Once again, I don’t think this stands up to evolutionary scrutiny. If human health depends on this variety, then our ancestors would have struggled to survive. They wouldn’t have been the hardy souls they would have had to be survive so that we could be here today.
Most parts of the world don’t naturally support a wide variety of foods, especially colourful fruit and veg. Even where this variety would have been available, it’s unlikely to available year-round.
There is a reason to promote the eating of a large variety of foods and that’s to get you to eat more of it. Yes, once again, it’s a triumph marketing.
What’s at play here is the idea of palate-fatigue; the idea that if you eat the same thing all the time, you’ll eat less of it - or at least won’t eat beyond satiation/satiety - because you get bored with it. Eating something different fires up your appetite once again and you can eat more.
We’ve all experienced this when eating a large meal and getting to the point where we can’t eat another bite. Then the desserts arrive, and we suddenly have space for more.
Interestingly, this is also a trick used by competitive eaters, who often overcome a sense of revulsion at the sheer amount of e.g. hotdogs they’ve eaten by eating a few bites of something sweet or salty in order to overcome palate-fatigue and keep eating.
There is a scenario in which eating a large variety of foods might be beneficial, and that’s if you’re eating a plant-based or vegan diet (not something I promote). Because most plants are generally rich in one or two essential nutrients and poor in others, combining them makes sense if you want to avoid deficiencies.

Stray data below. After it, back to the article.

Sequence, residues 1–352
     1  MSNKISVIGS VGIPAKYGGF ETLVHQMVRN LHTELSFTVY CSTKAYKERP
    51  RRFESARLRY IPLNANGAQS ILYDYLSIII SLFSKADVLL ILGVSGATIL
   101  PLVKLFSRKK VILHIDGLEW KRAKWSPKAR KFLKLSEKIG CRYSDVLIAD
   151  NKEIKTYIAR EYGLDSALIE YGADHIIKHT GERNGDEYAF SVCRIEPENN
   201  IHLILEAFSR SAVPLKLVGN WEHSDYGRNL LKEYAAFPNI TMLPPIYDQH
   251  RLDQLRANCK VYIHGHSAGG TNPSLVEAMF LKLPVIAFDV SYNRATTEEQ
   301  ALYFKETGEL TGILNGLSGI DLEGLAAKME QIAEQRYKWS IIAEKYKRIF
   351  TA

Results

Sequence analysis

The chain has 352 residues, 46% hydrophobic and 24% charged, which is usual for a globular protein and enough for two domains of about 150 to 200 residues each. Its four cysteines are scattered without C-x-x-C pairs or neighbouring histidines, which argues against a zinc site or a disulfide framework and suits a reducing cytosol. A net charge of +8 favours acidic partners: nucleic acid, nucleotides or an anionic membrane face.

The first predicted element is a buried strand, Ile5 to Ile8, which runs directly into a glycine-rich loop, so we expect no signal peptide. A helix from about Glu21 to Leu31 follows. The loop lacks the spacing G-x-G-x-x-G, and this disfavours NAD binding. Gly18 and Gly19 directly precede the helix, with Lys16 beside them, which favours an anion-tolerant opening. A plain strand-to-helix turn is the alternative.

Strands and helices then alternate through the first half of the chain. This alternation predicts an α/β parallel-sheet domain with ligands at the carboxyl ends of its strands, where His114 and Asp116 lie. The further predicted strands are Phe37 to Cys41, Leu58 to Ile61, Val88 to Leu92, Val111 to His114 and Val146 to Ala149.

Not so for animal foods, a fairly small amount of which contain all the nutrients you need for health.
For optimum health, you don’t need variety, you need nutrient-rich foods. It doesn’t matter if they’re the same every day as long as you’re getting your nutrients.
Another of our pervasive myths that needs to die is that dietary fibre is essential for health.
This myth wasn’t started by Denis Burkitt, but he is the man who most heavily promoted the idea first introduced by people such as Peter Cleave, G. D. Campbell and Hugh Trowell, Neil Painter and Alec Walker. These folks had proposed a lack of dietary fibre as the cause for all kinds of disease, including dental caries, obesity, diabetes, heart disease and diverticulitis.
Burkitt noticed that people in Uganda who ate more fibre than people in Britain developed almost no bowel cancer. Making the same association equals causation mistake that so many do, he set about promoting dietary fibre as the cure.
What he ignored was differences in lifestyle, activity levels and the lack of sugar and refined grains in Ugandan people at the time. Seed oils were also virtually unknown in Uganda but had been introduced in the West as early as 1911.
Could it be another case of blaming a lack of fibre for what an abundance of food-like substances have done?
There is certainly a case to be made for eating whole foods, which contain an amount of fibre bound up with the other nutrients; in other words, not drinking juice, making smoothies, refining grains and adding sugar, all of which make energy far too easily available to the body. But adding dietary fibre by eating things like psyllium husk or oat bran?
Just a quick word on constipation, which many people claim is caused by a lack of fibre. Constipation is NOT having infrequent bowel movements, it’s the inability to move the bowels when you need to do so. A number of studies have shown fibre to make constipation worse, not better.
Most dieticians and nutritionists are determined to die on the hill of dietary fibre necessity, but the evidence just isn’t there.
This talk by Dr Paul Mason is a good place to start if you want to investigate the fibre hypothesis. You may find places to disagree. That’s no bad thing, the idea is to ask why we believe what we believe.
Strictly speaking, a calorie is a calorie (the unit used in nutrition is kilocalories, but we’re all lazy and talk about calories). It’s a measurement of heat energy released when you burn something.
The amount of heat required at a pressure of one atmosphere to raise the temperature of one gram of water one degree Celsius that is equal to about 4.19 joules.